Also a G+T forum discussion, funnily enough. https://www.ganymede.tv/forums/topic/so-a-4th-series-of-bottom-is-on-the-way/

    #230774
    Taiwan Tony
    Participant

    According to Ade the fourth series was chopped up and stuck into live shows, so we didn’t miss anything.

    #230776
    Plastic Percy
    Participant

    <<JNT loved the show, made some great decisions and fought harder than anyone to keep the show on the air, for which i commend him, but yes, he made some horrible decisions as well. He was a complex character.>>

    I’ve always attributed a lot of his poor story decisions to the fact that he was the only Producer to have worked his way up from the floor, unlike other producers who’d mostly been writers, script editors and directors. They were more likely be able to spot plotholes or know what wouldn’t work on screen for dramatic reasons rather than someone more used to booking studio time and hiring lighting rigs.

    #230777
    Ben Saunders
    Participant

    Yeah he wasn’t great on scripts, and according to Saward the quality of scripts they were getting at the time was fairly… shall I say low, meaning Saward had to basically re-write a lot of his era. JNT had mad ideas like “do an episode called Greatest Show in the Galaxy, what do you mean what’s the plot? Write it”, and “oh do an episode in Amsterdam.” And he refused to work with writers who had written for the show before, Saward having to convince him to let Robert Holmes write (one of) his best scripts for them.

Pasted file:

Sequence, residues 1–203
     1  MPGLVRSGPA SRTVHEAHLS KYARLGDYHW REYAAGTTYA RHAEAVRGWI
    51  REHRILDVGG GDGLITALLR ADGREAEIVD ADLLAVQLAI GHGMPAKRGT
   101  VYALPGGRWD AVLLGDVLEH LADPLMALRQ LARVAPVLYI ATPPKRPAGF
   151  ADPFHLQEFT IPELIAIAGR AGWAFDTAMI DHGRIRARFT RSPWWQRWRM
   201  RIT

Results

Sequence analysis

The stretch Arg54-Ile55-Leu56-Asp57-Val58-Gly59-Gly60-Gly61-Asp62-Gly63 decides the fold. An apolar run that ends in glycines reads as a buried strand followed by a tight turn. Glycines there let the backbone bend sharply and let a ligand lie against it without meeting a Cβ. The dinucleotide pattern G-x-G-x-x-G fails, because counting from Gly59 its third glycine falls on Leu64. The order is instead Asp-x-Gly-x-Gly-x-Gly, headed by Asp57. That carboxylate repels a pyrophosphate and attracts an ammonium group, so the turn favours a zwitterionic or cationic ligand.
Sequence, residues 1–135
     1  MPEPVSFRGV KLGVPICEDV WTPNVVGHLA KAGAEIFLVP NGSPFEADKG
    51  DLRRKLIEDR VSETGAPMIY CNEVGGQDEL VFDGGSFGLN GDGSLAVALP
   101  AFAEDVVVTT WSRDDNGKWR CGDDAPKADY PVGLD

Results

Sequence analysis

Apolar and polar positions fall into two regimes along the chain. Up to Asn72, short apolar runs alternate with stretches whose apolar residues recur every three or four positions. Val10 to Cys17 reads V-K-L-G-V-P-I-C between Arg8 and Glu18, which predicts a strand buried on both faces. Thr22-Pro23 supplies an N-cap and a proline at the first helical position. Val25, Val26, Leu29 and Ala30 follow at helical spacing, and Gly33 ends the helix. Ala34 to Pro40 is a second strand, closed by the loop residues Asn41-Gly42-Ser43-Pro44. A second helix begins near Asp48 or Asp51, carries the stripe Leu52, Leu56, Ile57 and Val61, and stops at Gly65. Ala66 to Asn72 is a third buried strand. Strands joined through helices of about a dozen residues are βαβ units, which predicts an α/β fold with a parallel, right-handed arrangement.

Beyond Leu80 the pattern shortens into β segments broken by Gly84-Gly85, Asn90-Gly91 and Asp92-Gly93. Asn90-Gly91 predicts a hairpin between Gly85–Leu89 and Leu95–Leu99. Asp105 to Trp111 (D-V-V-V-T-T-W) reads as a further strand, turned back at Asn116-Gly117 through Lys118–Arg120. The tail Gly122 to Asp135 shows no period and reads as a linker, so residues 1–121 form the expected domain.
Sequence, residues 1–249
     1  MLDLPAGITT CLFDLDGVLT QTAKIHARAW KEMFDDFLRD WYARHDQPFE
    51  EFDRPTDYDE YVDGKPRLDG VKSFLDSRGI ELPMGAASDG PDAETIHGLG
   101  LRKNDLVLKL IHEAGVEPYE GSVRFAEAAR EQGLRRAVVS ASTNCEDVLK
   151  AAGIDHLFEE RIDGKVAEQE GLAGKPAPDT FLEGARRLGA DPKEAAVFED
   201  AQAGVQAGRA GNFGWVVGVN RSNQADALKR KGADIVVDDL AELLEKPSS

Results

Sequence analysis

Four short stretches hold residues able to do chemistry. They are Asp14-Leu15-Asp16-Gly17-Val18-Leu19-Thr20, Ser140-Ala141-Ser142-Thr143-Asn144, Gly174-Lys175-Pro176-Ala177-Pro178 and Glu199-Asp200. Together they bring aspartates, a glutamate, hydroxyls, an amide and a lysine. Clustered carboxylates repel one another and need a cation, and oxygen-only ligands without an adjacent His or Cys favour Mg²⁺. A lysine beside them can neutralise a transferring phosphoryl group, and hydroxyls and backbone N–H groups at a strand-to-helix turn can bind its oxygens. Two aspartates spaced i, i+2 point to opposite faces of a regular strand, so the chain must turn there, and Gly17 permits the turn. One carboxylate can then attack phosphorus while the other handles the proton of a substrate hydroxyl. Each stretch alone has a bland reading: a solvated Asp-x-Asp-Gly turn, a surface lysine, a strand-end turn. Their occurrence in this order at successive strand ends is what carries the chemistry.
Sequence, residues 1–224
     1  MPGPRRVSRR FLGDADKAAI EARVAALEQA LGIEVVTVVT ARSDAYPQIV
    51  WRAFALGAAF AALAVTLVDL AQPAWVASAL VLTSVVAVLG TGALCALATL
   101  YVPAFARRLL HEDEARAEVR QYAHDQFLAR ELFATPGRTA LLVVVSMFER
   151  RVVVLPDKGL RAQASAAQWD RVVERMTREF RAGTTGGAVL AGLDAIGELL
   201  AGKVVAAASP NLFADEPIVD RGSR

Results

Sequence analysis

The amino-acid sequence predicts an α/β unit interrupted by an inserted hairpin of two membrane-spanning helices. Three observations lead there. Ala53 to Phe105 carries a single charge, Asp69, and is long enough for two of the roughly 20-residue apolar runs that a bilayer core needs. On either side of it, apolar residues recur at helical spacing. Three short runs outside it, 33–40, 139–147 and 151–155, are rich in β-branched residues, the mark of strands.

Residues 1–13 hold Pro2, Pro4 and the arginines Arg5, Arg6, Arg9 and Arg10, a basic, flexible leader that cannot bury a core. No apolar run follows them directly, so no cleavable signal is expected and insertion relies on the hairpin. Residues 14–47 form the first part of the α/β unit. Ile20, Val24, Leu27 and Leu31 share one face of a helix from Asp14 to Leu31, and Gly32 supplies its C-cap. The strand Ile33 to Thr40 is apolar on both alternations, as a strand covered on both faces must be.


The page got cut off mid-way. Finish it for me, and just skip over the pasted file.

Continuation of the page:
But that story about him refusing to let another Shada Moment happen and getting Greatest Show made by any means necessary shows to me that he at least did some good things. And the endgame Cartmel stuff happened with (in spite of?) him, which was good.

    #230781
    Plastic Percy
    Participant

    On the one hand, it was a good piece of blue sky thinking to open up the policy for new writers, but at the same time a bad move to blackball old hands – Robert Holmes, Terrence Dicks, the Bristol Boys etc. could all be relied upon to bring in a good idea and knew what worked and could deliver a script which was servicable from the get go.

    My problem with Eric Saward is that he never seemed interested in writing for the Doctor. He was more interested in his own vision of gritty scifi, hence why his scripts are filled with tough space marines and ruthless gun runners instead.

    #230782

    Yes, there’s a lot of very generic sci-fi going on in the Davison and Colin eras. Some strong stories, but very little that really sticks in the mind in the way so many ’60s and ’70s stories do. It took until the McCoy era for the show to start really trying to be different and surprising again, even if it started that task by pretending to be an under-budgeted CBBC comedy about aliens.